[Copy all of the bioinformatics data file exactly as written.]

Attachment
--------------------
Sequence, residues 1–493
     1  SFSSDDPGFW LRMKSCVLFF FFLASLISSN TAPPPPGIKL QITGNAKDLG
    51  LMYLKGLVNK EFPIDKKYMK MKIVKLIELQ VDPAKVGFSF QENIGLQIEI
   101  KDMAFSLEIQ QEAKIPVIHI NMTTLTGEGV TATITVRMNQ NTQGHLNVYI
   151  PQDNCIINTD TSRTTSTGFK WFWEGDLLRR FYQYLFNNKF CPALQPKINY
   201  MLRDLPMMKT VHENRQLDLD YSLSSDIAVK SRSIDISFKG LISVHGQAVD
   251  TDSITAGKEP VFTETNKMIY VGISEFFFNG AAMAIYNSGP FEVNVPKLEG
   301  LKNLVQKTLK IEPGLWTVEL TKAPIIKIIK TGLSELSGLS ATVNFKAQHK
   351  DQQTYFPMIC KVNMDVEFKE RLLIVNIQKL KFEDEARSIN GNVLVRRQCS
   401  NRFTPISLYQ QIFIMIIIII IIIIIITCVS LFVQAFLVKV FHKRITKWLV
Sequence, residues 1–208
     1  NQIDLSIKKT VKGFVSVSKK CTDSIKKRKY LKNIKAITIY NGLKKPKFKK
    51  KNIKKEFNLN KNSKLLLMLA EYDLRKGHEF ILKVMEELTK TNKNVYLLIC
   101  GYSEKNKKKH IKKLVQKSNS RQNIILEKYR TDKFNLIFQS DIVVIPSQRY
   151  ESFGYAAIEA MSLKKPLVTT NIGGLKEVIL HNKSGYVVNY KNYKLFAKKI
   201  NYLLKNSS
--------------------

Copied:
Sequence, residues 1–493
     1  SFSSDDPGFW LRMKSCVLFF FFLASLISSN TAPPPPGIKL QITGNAKDLG
    51  LMYLKGLVNK EFPIDKKYMK MKIVKLIELQ VDPAKVGFSF QENIGLQIEI
   101  KDMAFSLEIQ QEAKIPVIHI NMTTLTGEGV TATITVRMNQ NTQGHLNVYI
   151  PQDNCIINTD TSRTTSTGFK WFWEGDLLRR FYQYLFNNKF CPALQPKINY
   201  MLRDLPMMKT VHENRQLDLD YSLSSDIAVK SRSIDISFKG LISVHGQAVD
   251  TDSITAGKEP VFTETNKMIY VGISEFFFNG AAMAIYNSGP FEVNVPKLEG
   301  LKNLVQKTLK IEPGLWTVEL TKAPIIKIIK TGLSELSGLS ATVNFKAQHK
   351  DQQTYFPMIC KVNMDVEFKE RLLIVNIQKL KFEDEARSIN GNVLVRRQCS
   401  NRFTPISLYQ QIFIMIIIII IIIIIITCVS LFVQAFLVKV FHKRITKWLV
Sequence, residues 1–208
     1  NQIDLSIKKT VKGFVSVSKK CTDSIKKRKY LKNIKAITIY NGLKKPKFKK
    51  KNIKKEFNLN KNSKLLLMLA EYDLRKGHEF ILKVMEELTK TNKNVYLLIC
   101  GYSEKNKKKH IKKLVQKSNS RQNIILEKYR TDKFNLIFQS DIVVIPSQRY
   151  ESFGYAAIEA MSLKKPLVTT NIGGLKEVIL HNKSGYVVNY KNYKLFAKKI
   201  NYLLKNSS